I want to say, I’m not worried about Julia 2.0 (which doesn’t even have a due date yet, not sure well ever get there, for any one or more of the ideas below, just discussion points), but I have full confidence in the Julia developers doing the right thing, and the old Julia LTS pre-2.0 would still work.

There’s some really good discussion here (not just on this specific name change, but on them in general, pros and cons, e.g. for beginners), and I quote Karpinski as I see he has the same idea I do:


Karpinski:

It would be trivial to have using Julia1 package that exports compatibility aliases (and methods) for >Julia 1.x names, which could be used as long as people want to.

Tim Holy (Jun 16, 2020):

[…] But yes, I don’t personally see any urgency for 2.0, so I expect that no one needs to be blocking out transition-time on their calendar anytime soon.

I took a look (again) at the Julia 2.0 milestone (I have one issue there that was marked 2.0) and some examples are interesting, and I comment on below.

A. For functions we could allow new functions (as we do all the time) AND keep old, that we have renamed, but it might be better to drop them (still usable with using method above and/or have choose-able with a command-line switch?).

The best answer is to @deprecate one onemult and simply not have a function called one .

As with Julia 0.7 we would deprecate, but if we wouldn’t get rid of one in subsequent 2.0, I’m not sure what the point of the change is, since we could have using Julia1 (or Compat?).

A number of functions have been suggested to be dropped or at least no longer exported, all such could be handled this way…

B. … but operators are more difficult. For all sane programs you should get the same result for left-to-right, vs right-to-left evaluation, i.e. the same calculated number/matrix (am I wrong about some rounding issues? I at least mean almost the same, modulo some catastrophic cancellation floating-point issues). But for + and * the associative needs to be one or the other (by default), and this can make some code order-of-magnitude faster. So I kind of want them to “break” this if it helps speed, and hurts almost no code (I’m not sure it would slow down, but let’s say you add print-statements, for debugging, they would come out in opposite order, why “breaking”).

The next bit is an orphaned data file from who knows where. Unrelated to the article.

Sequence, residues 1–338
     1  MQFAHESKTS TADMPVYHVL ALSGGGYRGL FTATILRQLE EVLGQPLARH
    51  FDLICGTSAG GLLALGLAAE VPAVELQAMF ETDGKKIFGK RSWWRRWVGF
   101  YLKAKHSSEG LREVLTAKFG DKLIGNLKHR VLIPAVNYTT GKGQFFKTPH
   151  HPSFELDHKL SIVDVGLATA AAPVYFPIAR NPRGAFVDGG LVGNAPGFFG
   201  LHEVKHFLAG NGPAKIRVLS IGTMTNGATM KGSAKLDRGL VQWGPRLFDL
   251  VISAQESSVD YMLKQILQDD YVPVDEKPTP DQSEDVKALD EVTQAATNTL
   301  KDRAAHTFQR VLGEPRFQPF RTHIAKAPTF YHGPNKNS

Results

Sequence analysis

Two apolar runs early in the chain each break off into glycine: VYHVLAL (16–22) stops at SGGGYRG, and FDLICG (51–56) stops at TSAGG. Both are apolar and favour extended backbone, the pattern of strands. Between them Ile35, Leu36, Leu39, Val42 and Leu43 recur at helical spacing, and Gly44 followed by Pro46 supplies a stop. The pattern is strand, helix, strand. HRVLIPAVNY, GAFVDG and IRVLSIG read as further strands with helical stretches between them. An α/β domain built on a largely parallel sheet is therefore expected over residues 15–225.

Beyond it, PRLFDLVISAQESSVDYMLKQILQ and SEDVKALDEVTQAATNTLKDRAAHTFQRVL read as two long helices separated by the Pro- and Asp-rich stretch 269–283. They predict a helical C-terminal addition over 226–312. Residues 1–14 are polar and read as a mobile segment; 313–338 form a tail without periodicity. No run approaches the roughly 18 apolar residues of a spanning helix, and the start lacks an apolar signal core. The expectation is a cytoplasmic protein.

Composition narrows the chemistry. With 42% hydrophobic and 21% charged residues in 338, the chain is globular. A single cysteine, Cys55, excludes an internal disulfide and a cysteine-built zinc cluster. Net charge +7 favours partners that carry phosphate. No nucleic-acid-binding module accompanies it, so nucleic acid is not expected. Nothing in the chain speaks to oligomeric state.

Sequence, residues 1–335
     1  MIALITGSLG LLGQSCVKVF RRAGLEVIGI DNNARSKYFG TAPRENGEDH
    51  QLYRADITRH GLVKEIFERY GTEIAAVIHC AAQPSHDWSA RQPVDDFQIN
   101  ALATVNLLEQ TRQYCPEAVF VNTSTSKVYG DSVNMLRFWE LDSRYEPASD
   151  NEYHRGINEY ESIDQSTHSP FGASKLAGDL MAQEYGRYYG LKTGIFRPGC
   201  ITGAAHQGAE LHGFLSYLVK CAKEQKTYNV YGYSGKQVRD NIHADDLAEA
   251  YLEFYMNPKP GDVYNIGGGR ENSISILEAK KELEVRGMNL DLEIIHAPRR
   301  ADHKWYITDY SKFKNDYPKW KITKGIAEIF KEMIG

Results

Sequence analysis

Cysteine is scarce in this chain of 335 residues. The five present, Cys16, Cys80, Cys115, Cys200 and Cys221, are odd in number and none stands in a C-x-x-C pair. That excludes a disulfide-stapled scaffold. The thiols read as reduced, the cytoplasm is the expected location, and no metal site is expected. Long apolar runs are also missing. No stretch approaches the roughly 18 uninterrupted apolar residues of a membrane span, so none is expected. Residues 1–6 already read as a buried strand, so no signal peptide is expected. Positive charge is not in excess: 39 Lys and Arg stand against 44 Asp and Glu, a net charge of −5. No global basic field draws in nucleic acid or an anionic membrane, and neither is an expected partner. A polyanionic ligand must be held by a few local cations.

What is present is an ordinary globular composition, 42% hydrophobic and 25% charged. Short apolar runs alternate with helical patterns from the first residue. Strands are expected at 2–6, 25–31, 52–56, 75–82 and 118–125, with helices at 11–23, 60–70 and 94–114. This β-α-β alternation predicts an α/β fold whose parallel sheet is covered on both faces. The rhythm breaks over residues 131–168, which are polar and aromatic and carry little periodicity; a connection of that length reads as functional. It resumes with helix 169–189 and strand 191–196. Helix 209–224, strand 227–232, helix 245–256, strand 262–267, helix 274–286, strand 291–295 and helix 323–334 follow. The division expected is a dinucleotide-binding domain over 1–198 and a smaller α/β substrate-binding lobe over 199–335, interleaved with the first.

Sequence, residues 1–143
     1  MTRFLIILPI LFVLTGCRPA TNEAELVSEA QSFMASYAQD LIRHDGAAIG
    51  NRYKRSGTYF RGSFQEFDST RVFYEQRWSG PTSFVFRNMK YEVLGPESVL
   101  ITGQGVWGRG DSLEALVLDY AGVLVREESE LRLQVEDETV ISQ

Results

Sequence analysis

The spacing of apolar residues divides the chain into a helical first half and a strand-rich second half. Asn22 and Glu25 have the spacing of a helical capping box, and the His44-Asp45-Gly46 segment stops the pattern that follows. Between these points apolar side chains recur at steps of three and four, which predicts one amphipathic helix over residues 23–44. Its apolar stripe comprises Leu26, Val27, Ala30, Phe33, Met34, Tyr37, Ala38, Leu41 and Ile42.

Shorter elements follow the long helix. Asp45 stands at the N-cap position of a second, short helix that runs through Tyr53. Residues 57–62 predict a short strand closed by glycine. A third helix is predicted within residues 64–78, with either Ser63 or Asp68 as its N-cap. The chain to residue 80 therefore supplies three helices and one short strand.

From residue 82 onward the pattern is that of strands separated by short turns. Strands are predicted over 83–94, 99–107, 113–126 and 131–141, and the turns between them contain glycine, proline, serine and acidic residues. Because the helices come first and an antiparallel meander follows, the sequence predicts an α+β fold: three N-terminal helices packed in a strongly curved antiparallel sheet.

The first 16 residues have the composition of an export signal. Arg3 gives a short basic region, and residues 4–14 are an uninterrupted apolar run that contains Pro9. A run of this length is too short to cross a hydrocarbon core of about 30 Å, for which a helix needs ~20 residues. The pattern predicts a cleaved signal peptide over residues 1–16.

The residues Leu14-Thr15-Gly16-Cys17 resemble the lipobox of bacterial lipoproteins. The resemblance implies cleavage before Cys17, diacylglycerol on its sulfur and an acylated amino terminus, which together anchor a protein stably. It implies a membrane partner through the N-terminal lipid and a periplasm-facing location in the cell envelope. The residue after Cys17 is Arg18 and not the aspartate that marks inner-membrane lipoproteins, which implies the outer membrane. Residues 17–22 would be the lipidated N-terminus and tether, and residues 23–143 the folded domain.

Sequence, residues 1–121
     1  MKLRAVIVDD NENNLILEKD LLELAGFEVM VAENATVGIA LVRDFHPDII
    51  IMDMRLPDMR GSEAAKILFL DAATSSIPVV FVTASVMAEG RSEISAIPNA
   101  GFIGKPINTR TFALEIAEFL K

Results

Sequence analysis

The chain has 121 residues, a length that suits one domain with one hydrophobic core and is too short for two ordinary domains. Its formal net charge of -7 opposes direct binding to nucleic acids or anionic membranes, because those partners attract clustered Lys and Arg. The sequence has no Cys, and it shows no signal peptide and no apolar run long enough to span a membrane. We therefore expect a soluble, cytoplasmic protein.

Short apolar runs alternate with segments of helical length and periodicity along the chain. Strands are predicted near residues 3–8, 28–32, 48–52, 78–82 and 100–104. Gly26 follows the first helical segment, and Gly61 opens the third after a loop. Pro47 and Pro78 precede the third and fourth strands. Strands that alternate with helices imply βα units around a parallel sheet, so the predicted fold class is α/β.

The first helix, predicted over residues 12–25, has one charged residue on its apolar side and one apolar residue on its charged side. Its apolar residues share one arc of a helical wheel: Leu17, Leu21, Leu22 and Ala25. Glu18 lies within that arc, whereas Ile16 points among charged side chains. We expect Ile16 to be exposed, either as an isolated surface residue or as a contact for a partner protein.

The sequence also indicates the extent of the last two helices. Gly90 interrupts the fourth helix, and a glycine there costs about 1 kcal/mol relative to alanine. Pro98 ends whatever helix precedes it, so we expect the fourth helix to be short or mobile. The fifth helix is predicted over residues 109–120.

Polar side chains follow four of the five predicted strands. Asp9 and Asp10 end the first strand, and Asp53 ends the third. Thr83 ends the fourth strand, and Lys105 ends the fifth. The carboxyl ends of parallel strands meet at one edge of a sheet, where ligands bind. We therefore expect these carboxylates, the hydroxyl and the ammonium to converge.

See workaround: https://github.com/JuliaLang/julia/issues/34999#issuecomment-595511495

C. Important to realize, Julia 1.0 only gave us syntax-guarantee (and some stability for function names), e.g. excluded was the experimental thread API (JavaCall.jl had issues because of it, now solved I understand) and while the name of the random number generation functions didn’t change, there was no (explicit) guarantee about the exact sequence of random-looking generated numbers (since “random”, seems like an edge-case to want that), later explicit warning given, so people do not assume implicit-guarantee:

[This only affects test, not users of your library, as while tests breaking, code would still work after such transition.]

In theory, this could have been solved by using Random_new in case there had been an explicit guarantee, but only for single-threaded programs. In general multi-threaded programs have non-determinism (a language like Rust is to work better with it), with or especially with random number generation.

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Just want to point out that nested quaternions and octonions are non-associative. Even though quaternions are associative, nested quaternions are not.

Also, deprecating one seems unnecessary?

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Deterministic multi-threaded or even distributed simulations are possible, if proper care is taken. Afaiu libraries like DiffEq for SDEs do take proper care.
We might even get that on the language level (for the default generator) in 1.6, if https://github.com/JuliaLang/julia/pull/34852 progresses to sufficient quality. (this would make deterministic multi-threaded random seamless and easy for the masses, not just possible for experts who code their own framework for splitting random streams).

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There is no such thing as a non-breaking 2.0. It’s an oxymoron. If it were non-breaking, then we’d call it 1.7, 1.8, 1.9, etc., etc. Now there are things that can help the transition — things like the Compat package — but requiring the addition of helper tools is also breaking.

The class of changes that is easily deprecatable/assistable by external packages are also exactly those that are easily mechanically transformed via a tool like femtocleaner. They’re also the easiest ones to tackle all around, and can be handled seamlessly in a non-breaking manner. Indeed, there are already cases where we’re introducing better idioms into Julia 1.x but leaving the old things around.

Version 2.0 isn’t for such changes.